12.29
each morning we wake
to see what star is fallen
sky blues anyway

..and Carrie and Debbie and...






12.28
south downs: more like ups
here at the seven sisters
mutton on the hoof




 
12.27
chilli pickle
thali platter mutton curry:
brighton highlight


12.26
boxing day:
let's celebrate by letting
everyone out


12.25
misty, moisty
Christmas Day--sea breeze
whips the walled garden


12.24
airplane universe:
chorus of voices
fails to reach Syria

singers

12.23
airport universe:
some of everyone shining
in long weary lines

 


12.21
revelling late
the shortest day becomes
the longest day ever






12.19
rogue elector
I *choose* to shop at the discount store
at rush hour
          Electoral College


12.18
haiku harmony
arranging layered words we
rage and marvel on

Reflections on the Teche  and read the comments


12.17
winter traditions:
devised by peasants with no
fields to plow, no school?
          (The more I wanted to just sleep from 6pm until 7am, the more there was to do...)


I'm posting early this week because we'll be busy overnight with visiting rellies.  Thanks to  Donna at Mainely Write for hosting.  See you in 2017!

Friday, December 16, 2016




Time this morning only to wish everyone a bright Solstice--which I described to 2nd graders as the winter holiday we can ALL acknowledge:  light the dark, green the grey, warm the frigid world!  (The northern hemisphere, anyway.)

This week's microprocessing...

12.16
on the 14th, seared,
I lay down rows of cookies
iced with salty stains
          Newtown Anniversary


 12.15
strange light spreads
in my dark December room--
oh! it's the fat friendly moon

12.14
welcome all
the world is spicy
brown and sweet

12.13
a player, ready
palms and feathers greased
exxonus rex

Rex Tillerson

12.12
who needs intelligence?
you get this, Mike--
I'm busy trying on suits
          The President's Daily Brief

12.11
note to self:
hurrying towards everything
I hurt someone


Today the round-up is with my pal Tabatha at The Opposite of Indifference.  A visit to her blog is always intriguing, always uplifting (slothlove!), always healing.


Friday, December 9, 2016

#haiku (and book launches) for healing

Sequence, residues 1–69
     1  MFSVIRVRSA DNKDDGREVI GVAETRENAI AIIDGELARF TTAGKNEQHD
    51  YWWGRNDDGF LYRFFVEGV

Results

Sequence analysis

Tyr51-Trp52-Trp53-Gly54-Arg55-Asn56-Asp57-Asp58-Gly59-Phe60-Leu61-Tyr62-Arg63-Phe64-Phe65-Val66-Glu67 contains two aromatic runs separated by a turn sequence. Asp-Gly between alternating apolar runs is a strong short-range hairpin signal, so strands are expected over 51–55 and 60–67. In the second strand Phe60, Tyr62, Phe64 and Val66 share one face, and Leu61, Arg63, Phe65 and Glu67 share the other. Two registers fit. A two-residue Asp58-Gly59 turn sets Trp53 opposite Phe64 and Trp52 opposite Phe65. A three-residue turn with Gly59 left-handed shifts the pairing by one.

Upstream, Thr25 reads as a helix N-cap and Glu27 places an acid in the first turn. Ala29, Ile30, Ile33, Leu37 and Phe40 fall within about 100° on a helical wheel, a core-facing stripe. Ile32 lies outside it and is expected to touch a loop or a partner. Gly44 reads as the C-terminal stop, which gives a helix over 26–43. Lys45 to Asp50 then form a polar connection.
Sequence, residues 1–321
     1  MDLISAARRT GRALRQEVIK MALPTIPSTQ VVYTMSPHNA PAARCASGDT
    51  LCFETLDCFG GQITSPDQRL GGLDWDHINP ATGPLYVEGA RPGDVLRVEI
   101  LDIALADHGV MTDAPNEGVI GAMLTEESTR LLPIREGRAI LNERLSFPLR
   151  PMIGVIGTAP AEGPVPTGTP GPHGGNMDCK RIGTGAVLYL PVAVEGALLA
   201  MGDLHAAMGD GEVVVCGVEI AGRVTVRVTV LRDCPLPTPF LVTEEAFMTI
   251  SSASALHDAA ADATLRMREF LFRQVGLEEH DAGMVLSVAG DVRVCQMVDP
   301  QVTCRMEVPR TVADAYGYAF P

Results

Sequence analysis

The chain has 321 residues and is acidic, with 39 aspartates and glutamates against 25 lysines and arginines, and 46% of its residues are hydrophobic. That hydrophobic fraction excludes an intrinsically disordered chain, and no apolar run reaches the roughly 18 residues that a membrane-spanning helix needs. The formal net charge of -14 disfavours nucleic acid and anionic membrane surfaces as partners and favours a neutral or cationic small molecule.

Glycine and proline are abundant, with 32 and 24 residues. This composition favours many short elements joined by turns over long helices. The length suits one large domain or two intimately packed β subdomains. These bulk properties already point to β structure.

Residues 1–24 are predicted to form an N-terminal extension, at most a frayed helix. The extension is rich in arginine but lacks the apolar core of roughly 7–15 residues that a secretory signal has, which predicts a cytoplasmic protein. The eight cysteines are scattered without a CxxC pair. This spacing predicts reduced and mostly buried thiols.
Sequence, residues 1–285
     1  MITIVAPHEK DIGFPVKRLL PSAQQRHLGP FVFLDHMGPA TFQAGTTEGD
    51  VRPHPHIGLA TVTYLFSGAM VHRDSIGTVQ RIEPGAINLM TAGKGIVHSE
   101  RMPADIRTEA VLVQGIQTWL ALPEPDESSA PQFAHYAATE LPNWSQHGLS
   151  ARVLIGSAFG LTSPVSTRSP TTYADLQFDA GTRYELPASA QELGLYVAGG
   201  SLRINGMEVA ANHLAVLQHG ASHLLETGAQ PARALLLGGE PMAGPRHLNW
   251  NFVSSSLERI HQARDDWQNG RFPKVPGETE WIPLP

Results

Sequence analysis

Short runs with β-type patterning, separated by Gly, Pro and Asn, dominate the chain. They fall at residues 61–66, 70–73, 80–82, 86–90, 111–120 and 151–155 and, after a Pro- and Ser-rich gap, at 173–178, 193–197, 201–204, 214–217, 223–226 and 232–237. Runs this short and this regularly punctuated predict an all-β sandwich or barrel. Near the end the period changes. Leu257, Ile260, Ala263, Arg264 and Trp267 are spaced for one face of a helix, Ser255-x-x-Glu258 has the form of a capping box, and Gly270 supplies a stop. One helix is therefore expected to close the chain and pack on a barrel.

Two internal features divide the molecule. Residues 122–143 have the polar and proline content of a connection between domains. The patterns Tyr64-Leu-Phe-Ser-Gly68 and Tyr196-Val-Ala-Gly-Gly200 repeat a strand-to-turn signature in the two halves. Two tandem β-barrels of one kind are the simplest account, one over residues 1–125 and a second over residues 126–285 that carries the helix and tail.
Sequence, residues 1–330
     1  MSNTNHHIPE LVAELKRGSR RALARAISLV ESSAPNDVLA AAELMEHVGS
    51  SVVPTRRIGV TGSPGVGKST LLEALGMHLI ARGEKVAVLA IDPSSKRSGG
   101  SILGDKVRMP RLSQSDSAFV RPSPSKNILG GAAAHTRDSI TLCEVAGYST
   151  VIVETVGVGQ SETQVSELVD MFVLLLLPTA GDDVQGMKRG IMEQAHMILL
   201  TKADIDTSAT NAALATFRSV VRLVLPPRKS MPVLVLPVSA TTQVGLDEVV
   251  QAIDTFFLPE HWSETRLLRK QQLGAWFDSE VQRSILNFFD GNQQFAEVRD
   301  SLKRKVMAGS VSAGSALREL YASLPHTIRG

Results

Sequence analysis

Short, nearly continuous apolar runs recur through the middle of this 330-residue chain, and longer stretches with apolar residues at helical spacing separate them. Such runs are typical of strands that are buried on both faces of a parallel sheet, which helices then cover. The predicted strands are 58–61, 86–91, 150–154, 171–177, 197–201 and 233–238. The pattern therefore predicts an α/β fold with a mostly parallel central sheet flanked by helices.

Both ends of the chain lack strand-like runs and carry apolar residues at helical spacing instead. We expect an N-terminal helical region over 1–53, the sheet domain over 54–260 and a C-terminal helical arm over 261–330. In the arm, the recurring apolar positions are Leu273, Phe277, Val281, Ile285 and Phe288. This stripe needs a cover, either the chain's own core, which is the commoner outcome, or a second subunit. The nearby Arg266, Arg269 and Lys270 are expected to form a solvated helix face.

My effort to respond creatively to the news of the world continues;  you can read about how Mary Lee started it all here.  You're invited to scroll down to the previous week's minimalist commentaries --and of course, you're invited to join in.  It wasn't clear to me at first, but the tiny discipline of slowing down to craft a response (rather than just banging the steering wheel and yelling at the radio) has been empowering.

12.9

first college news
we both prefer denial
to rejection

And from yesterday:

12.8

gold star winks out
leaving a long bright trail
holding in orbit


Joining in this project are all the brave women below; I hope they will pardon me when, during the week, all I can manage is to Like their Tweeted haiku.  It's good to work alongside you all!

          Mary Lee Hahn at Poetrepository
          Michelle Heidenrich Barnes at Today's Little Ditty
          Margaret Simon at Reflections on the Teche
          Linda Mitchell at A Word Edgewise
          Buffy Silverman at Buffy's Blog
          Jone Rush MacCulloch at DeoWriter
          Diane Mayr, posted on Thursdays at Random Noodling
          Julie Johnson at Raising Readers and Writers
          Catherine Flynn at Reading to the Core
          Carol Varsalona at Beyond LiteracyLink
          Carol Wilcox at Carol's Corner
          Julieanne Harmatz tweeting @jarhartz          Linda Baie at Teacher Dance


Our hostess with the postest is Jone at Check It Out.  She reminds us that haiku fits nicely on a postcard. And now, in other news...


I was delighted to join Jacqueline Jules, Marty Rhodes Figley and Laura Murray on Dec. 1st for a holiday book launch at One More Page in Arlington, VA (what a delightful place).  Here we are, festive and fierce with a bunch of fun books for holiday giving and receiving.  Each book you see earns its place on the bookshelf, but if I may reveal all my biases:  every home with children needs a copy of One Minute till Bedtime!



Thursday, December 8, 2016






12.7
a fine kettle of
hawks we have here,
rising on hot air

hawks

and also


generals and majors
drone on with military decision
just following orders, sir


Here's my inspiration, deceptively upbeat, by the ever-clever XTC.  The song remains a stroke of genius, although the video is goofy--can you spot a really famous British entrepreneur?


*************************************************************

12.6

looks like pizza, smells
like pizza--but let's shoot it
just to be safe


Comet Ping-Pong
I have a ton to say about this one, primarily that in order to effectively distinguish fact from fake it helps have to have an excellent grip on metaphor.